For drama location recordings, the hard disk recorder is king…or is it? Grant Bridgeman AMIBS investigates the practical uses of a laptop on location.
The thought of using a laptop as a multichannel location recorder for drama usually results in pained expressions from production sound mixers for a whole host of reasons that tend to be quite valid and reasonable. However, there are a number of location recordists (especially in the USA) that are using a computer, either for their entire recording set up or as a significant part of it. So I wondered just how feasible it would be to build a system based around a laptop, how much it would cost, and what the real practical limitations might be.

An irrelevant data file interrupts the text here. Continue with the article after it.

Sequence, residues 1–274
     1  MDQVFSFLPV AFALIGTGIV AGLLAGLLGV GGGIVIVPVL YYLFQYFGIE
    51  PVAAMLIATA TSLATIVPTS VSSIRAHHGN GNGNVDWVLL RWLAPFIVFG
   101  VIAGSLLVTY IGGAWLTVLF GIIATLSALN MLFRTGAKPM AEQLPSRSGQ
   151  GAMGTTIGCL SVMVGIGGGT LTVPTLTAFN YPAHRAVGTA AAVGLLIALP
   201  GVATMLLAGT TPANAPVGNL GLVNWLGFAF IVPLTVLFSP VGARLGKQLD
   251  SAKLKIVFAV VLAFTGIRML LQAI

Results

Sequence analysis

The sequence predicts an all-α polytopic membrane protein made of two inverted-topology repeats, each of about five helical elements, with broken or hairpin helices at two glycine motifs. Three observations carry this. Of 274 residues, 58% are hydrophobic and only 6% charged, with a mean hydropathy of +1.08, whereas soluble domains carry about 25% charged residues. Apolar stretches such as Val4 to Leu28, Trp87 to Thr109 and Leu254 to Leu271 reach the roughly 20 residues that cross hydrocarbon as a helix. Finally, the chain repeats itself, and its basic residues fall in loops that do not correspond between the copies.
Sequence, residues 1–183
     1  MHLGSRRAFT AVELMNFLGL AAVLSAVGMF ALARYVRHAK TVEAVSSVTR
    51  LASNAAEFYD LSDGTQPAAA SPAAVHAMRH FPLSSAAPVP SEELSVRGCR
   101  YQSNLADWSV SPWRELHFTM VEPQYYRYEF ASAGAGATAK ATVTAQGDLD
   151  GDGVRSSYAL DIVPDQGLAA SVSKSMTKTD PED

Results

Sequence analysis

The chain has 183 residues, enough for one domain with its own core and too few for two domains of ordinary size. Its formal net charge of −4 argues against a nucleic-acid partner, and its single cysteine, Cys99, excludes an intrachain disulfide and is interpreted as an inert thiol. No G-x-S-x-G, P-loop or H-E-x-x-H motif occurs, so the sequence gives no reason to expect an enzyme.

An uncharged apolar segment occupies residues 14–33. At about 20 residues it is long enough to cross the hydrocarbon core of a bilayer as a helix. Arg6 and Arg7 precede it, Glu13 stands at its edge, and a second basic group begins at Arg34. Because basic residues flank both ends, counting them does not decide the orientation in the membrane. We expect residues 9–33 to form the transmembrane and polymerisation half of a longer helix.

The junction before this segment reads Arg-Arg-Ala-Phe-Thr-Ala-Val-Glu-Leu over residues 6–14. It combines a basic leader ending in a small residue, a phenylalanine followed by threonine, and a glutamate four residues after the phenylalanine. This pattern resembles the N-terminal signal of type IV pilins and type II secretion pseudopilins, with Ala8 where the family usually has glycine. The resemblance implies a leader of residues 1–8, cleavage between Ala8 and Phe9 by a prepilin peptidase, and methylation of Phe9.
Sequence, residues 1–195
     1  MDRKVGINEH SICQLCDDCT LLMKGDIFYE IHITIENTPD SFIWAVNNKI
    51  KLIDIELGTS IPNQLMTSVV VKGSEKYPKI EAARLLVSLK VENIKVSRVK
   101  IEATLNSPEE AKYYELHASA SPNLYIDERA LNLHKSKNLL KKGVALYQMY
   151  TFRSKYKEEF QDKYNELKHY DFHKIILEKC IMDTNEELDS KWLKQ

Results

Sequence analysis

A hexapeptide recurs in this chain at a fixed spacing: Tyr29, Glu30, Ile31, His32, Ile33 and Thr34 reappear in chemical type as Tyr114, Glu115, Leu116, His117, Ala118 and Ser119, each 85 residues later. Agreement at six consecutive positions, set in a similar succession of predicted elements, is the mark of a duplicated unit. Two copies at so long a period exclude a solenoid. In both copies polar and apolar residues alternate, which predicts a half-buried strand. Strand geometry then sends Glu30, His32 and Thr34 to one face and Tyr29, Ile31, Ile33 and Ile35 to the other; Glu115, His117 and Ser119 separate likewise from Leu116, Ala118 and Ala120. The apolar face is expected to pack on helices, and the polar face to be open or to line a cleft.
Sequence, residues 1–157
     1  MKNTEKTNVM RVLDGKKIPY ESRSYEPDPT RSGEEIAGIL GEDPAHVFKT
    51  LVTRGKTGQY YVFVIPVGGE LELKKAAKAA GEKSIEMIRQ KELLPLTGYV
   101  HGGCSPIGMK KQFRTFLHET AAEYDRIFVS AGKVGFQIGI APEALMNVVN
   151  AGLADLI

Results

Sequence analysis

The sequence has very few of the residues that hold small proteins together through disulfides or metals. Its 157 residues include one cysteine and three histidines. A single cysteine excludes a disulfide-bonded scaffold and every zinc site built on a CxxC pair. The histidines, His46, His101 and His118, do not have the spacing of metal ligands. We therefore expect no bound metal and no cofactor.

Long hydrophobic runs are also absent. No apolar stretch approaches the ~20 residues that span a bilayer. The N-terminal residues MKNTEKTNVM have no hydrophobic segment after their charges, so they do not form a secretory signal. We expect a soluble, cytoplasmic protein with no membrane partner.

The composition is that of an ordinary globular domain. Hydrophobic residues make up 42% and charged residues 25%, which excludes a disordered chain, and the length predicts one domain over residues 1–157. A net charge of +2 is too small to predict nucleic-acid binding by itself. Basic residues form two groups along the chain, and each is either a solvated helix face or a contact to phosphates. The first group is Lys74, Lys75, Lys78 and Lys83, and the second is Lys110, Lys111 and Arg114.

A laptop recording system needs to provide the same functionality as a dedicated location recorder, of course, but as the system can be broken down into discrete components a choice becomes available for each element. There are three essential parts to the system: the computer, the software, and the audio interface. The options of computer and software are very intertwined for this application, as there only a limited number of software packages specifically designed for location drama recording and two of them are Mac-only. PC options would include SADiE’s LRX2 (which offers a combined hardware / software system, with a much higher potential channel count and a wider reaching application base that goes into post production with full DAW capability. It also includes the dedicated MTR version of the Sadie software which is suited to location recording work. There is also the imminent new option of the native SADiE 6 software coupled to a third-party interface of your choice. Or you could opt for a more generic DAW system which could offer the processing power, but might not easily perform those tasks specific to a location recordist (flagging takes with a false start for example). I don’t want to fuel the PC / Mac debate but it is strange that the available software is so Mac-biased. There seems to be an unwritten consensus that MacBooks are more rugged and robust than generic PC laptops (operating systems aside), which is not strictly the case. In fact, because of the PC’s open architecture it is much easier to obtain a PC laptop that is environmentally robust (to ‘military specs’ if necessary) when compared to a MacBook. For example, a standard MacBook is not even designed to operate in the full range of common UK weather conditions – Apple’s website quotes an operating temperature range of 10-35ºC. Compare that to the quoted -20 to +60ºC working range for a Nagra VI recording to flash card (and 0-50ºC with a hard drive), let alone the solid-state drive version of Sound Devices’ 788T-SSD recorder. Clearly, then, there will be a practical requirement to provide some form of basic protection for the computer (whichever flavour for the time being) from the elements and the hazards that exist on set. For many recordists, a laptop is already part of the tools taken on set – used for logging sound sheets, making quick corrective edits to audio files, playback, burning rushes at the end of the day, and so on – and these generally survive well enough. The addition of screen and keyboard protectors, along with a slim case or polycarbonate shell to cover the external housing would probably be sufficient to provide a basic level of protection, before the umbrella / easy-up made an appearance – at least for normal weather conditions in the UK.